Hernia Patient’s Loss is Also Her Gain

September 27th, 2019

When Joyce Pierce came to JPS Health Network, a serious hernia was taking away her life bit by bit.

A bowling ball-sized protrusion of her intestines through her abdominal wall made it difficult, if not impossible, to perform even the everyday tasks many of us take for granted.

JPS nurse Julie Rogers

JPS Health Network Nurse Practitioner Diana St. Pierre celebrates with patient Joyce Pierre after helping her lose nearly 70 pounds so Pierra could have surgery.

“I could barely roll over in bed, much less get any exercise,” Pierce said. “I couldn’t even hold my grandbaby. It was really difficult to do much of anything at all.”

It was a catch 22: Pierce’s weight had gradually increased over the years because of her lack of mobility, but she couldn’t get the surgery she needed to fix the problem because her elevated weight made the operation unlikely to succeed and potentially dangerous.

“I wanted to have it,” Pierce said. “But doctors told me if I had it at my weight I might not walk out of the hospital alive.”

Pierce came to the JPS Surgical Optimization Clinic about a year ago looking for the elusive answer to her health problems. There she found Nurse Practitioner Diana St. Pierre, who helps people get their weight down to a safe level – or to quit smoking – so they can have needed surgery.

St. Pierre told Pierce she could help her – if she was willing to do what it took to get the job done.

“I asked her if she was really committed to doing what she needed to do to lose weight – or if she was one of the people who say they’re committed – but don’t actually do it,” St. Pierre said. “She promised me she was, so we got started.”

Like many journeys, the first step toward weight loss or stopping smoking is often the most difficult one. But 72 percent of the time, people who reach out to the Surgical Optimization Clinic are successful in dropping their weight and 88 percent of diabetic patients maintained or lowered their blood glucose level.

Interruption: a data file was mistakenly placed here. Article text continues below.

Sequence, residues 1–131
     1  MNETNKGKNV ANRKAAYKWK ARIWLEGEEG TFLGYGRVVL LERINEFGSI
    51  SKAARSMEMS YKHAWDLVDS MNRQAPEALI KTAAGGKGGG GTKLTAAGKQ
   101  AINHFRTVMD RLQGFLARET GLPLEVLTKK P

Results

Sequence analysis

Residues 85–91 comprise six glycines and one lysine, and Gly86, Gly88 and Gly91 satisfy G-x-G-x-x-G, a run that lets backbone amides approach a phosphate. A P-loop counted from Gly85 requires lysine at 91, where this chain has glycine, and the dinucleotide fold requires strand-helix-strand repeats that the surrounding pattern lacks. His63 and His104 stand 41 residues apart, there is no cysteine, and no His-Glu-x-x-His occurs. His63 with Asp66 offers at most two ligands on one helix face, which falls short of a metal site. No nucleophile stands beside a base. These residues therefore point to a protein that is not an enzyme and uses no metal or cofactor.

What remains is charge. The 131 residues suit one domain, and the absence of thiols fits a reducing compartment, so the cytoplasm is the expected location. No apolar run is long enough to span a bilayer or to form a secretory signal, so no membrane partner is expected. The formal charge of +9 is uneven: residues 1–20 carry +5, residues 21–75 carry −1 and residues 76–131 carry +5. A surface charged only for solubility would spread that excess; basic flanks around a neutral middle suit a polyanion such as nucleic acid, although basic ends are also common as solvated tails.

Pierce stumbled out of the gate. During her first visit after starting her diet, her weight was actually higher than it was when she made her vow. But she was determined not to lose the battle to regain her health and St. Pierre helped her get started on a diet she could work with. In six months she was able to lose 50 pounds in order to be able to have hernia repair surgery. Dr. Carlos Rodriguez declared the surgery to be a success. But Pierce has kept on going, dropping a total of 67 pounds so far.

“It’s amazing,” Pierce said. “I love being able to hold my grandbaby again. And I love being able to get out and about. There are so many things on my bucket list that I want to do now. It was impossible to imagine this even a few months ago, but I want to run a 5K race. That’s my goal.”

Rodriguez said patients who have a body mass index of 35 or more are likely to have their hernia operation fail because there is too much stress on the abdominal wall for the mesh used to repair the damage to hold up. He said the mesh is used between layers of muscle to build a “sandwich” of abdominal wall. If the repair failed, it could be tough to try to put everything back together a second time.

After the hernia was repaired, plastic surgeon Dr. Steven Mapula removed excess skin revealed by the patient’s weight loss because potential complications to the healing hernia – including irritation and infection -- lie within the folds of loose skin.

With Pierce’s weight loss and surgery behind her, it’s easy to forget how hard she and the Surgical Optimization Clinic team worked to help her reach her goal, St. Pierre said. She meets with patients regularly to make sure they stay on track during the lengthy process that often takes a year or more to achieve. Since the clinic opened in October 2016, more than 6,000 people have been helped in dropping weight, stopping smoking or preparing for surgery, lower their blood pressure or to control their diabetes through diet.

“It is a journey, certainly,” St. Pierre said. “The upside is that we get to partner with the patients and develop a relationship. Unlike a primary care setting, we have the luxury of spending 30 minutes or more in counseling. We get to celebrate each victory and coach where needed. The downside is that they go back to their PCP when we are done and we miss them!”

 

 


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